Materials and methods

This study was approved by the local ethics committee at the University Hospital in Linköping (Ref. No. 2013/403–31, P. Zsigmond), and informed written consent was received from the patients.

Subject description

Ten right-handed Caucasian ET patients (60.2 ± 9.7 years, seven males, Table 1), and six right-handed Caucasian healthy controls (HCs) (62.2 ± 11.4 years, five males) were included in this study. The patients were referred to the neurosurgical department in Linköping after being assessed and diagnosed by a movement disorder specialist. All anti tremor medication was withdrawn one week prior to MR-examination.

Table 1 Description of the ET patients. Each patent’s age and sex, history of ET, if treated with medication, if a current smoker, and the weekly ethanol intake are summarized. The ETRS score, thus the sum of the evaluated items, is also shown for each patient

To assess the tremor severity in the patients and controls, the ‘essential tremor rating scale’ (ETRS) was used in accordance with Fahn, Tolosa, and Marin [24]. Only the dominant extremity was evaluated since this is the clinical routine in the department. Thus, the right upper extremity was evaluated with part A item 5 and part B items 10–14. The ETRS score was defined as the total sum score of these evaluated items, and the maximal score was 32 points (Supplementary Table 1).

Magnetic resonance measurements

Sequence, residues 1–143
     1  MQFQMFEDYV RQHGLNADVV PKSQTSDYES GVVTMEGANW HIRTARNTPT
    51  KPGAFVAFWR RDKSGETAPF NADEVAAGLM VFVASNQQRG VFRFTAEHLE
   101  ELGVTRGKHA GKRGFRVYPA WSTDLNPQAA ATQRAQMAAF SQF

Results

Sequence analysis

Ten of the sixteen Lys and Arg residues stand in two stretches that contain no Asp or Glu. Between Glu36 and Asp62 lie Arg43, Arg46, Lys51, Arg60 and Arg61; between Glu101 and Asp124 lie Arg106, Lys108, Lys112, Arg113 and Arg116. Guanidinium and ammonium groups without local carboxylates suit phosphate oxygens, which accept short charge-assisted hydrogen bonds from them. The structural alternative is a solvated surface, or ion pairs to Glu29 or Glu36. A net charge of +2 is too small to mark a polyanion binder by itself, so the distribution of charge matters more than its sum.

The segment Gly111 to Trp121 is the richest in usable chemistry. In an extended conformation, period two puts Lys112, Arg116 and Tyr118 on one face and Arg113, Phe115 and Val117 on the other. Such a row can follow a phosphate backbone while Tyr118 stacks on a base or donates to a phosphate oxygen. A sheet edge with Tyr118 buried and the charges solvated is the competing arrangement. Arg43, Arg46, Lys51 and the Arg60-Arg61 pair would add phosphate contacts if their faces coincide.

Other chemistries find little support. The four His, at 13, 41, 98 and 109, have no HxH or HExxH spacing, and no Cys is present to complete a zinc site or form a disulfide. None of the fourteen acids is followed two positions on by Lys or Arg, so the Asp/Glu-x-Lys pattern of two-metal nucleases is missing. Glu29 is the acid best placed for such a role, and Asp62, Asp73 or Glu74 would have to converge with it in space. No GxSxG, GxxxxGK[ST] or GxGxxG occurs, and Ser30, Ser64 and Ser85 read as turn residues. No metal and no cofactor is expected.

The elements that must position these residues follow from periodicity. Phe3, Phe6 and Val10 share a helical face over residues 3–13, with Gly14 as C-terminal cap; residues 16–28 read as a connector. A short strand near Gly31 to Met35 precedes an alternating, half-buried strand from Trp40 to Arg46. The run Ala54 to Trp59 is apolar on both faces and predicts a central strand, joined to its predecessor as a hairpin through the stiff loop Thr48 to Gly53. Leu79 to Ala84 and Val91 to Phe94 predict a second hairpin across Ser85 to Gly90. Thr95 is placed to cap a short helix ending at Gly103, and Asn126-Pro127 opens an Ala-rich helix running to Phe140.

The ET patients and HCs were scanned using a 3 T Philips Ingenia MR system (Philips Healthcare, Best, Netherlands), equipped with a 12-channel phased array head coil. To assure correct voxel placements in the MRS measurements, T2-weighted turbo spin echo images were acquired in coronal (Res = 0.5*0.5*4 mm3, FOV = 230*230*96), sagittal (Res = 0.5*0.5*4 mm3, FOV = 242*242*96 mm3), and axial (Res: 0.5*0.5*2 mm3 FOV = 250*250*140 mm3) orientations. Furthermore, the MRS measurements were carried out using a single voxel MEGA-PRESS pulse sequence [25,26,27] optimized for GABA quantification (TR/TE = 2000/68 ms, editing pulse ON at 1.90 ppm, editing pulse OFF at 7.46 ppm, water suppression MOIST, eight phase cycle steps, 20 OFF and 20 ON dynamics, total acquisition time of 10 min and 40 s). A total of four MEGA-PRESS measurements were performed, two with the voxel (30 × 30 × 30 mm3, Fig. 1a) placed bilaterally in the thalamic region, and two with the voxel (35 × 25 × 25 mm3, Fig. 1d) placed bilaterally in the cerebellar region. The placement of the voxel in the anatomy was performed by two trained neurosurgeons ensuring a comparable placement among the ET cases and healthy controls. The reproducibility of the MEGA-PRESS measurements in cerebellar region was investigated and reported elsewhere [28]. After each MEGA-PRESS measurement, a shorter identical measurement but with unsuppressed water, was acquired to obtain a reference of water within the tissue in the voxel. This measurement was used for phase correction and water scaling of the resulting concentrations. Finally, since no macromolecular suppression was performed when acquiring the data in this study, the term GABA+ (GABA plus co-edited macromolecular signals) will be used throughout this report.